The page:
Sheep have had a lot of bad press recently. A headline in the Independent tells us there are “Too many sheep in Wales to aim for net zero emissions.” Can we really blame our woolly friends for climate change? I think not. I’m a strong believer that farming methods can be adapted to produce zero carbon food (or even food that sequesters carbon in its production) – namely by building healthy soil and including trees in our systems. With this in mind, I’d like to tell you a bit about our sheep, our current shepherding methods and the land designs we’re implementing.
After spending 10 years as a strict vegetarian, it was a total surprise to find myself farming sheep. What really changed my mind (and diet) was the realisation that whether I was veggie, vegan or a meat eater- my eating would have an impact on the planet and its inhabitants. Only by fully engaging with my food would I be able to see that impact and minimise its negative effects. So at the moment we do pretty much all of our shepherding ourselves, by hand and naturally; from tupping to lambing, shearing to spinning, pasture care to tree planting and slaughter to butchery.
Grazing is central to our land management system. The sheep’s primary function is as a composter; keeping our pasture areas healthy by eating the grass and depositing nutritious compost. The key to healthy grazing (which builds topsoil) as opposed to over grazing (which causes soil erosion) is regular movement of livestock. To achieve this we use a temporary electric fence to partition off areas of grazing and we move our sheep once a week. This allows grasses and herbs to regrow in between grazing, it provides a stable diet for the animals and reduces parasites with in our flock. A further bonus of using electric fence is that it allows us to establish trees and shrubs within the paddocks; creating shelter, shade, stability, sheep forage and food/fuel for humans. Our long term plan is to create small paddocks surrounded by diverse, edible, stock proof hedges. Our flock will graze among fruit and nut trees, increasing our net outputs and feeding the trees with their dung.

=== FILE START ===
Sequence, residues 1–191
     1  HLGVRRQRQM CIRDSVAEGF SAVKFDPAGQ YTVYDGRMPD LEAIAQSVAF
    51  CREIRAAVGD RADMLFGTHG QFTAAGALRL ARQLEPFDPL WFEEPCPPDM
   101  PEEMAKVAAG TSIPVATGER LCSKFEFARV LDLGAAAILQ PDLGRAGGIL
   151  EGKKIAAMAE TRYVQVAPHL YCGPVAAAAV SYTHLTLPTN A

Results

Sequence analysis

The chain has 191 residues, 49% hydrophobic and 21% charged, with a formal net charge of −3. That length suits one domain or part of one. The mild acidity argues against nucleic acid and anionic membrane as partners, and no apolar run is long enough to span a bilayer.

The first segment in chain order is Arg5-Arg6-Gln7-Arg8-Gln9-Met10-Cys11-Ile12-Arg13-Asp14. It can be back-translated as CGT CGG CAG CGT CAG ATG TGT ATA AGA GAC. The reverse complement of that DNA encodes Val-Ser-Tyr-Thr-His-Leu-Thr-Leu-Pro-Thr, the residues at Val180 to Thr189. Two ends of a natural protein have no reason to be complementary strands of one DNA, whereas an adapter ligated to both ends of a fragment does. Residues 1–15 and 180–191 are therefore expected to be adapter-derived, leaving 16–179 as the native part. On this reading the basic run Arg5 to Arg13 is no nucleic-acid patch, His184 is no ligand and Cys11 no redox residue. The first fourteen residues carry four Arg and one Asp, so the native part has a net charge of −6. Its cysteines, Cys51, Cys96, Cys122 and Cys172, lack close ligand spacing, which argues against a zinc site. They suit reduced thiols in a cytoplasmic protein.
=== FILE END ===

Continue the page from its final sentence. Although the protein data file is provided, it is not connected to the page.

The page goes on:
Wool used to be central to our local economy. It was even more valuable than meat, which was seen as a by product of the wool industry. These days it has a low commercial value. We shear our sheep by hand in May/June. It takes an average of an hour for an untrained hand (like mine) to shear a sheep with hand shears. This seems pretty slow compared to the time taken by professional shearer but I like to take my time; enjoying the close contact with the animal, taking the opportunity to check it over and see how its doing, ensuring that my sheep are as comfortable as possible throughout the process.
I didn’t have time to do much with the wool. Luckily my Mum is a prolific knitter and was interested in learning to spin. So I sent her off with a few fleeces and a spinning wheel. You can see the results for yourselves below.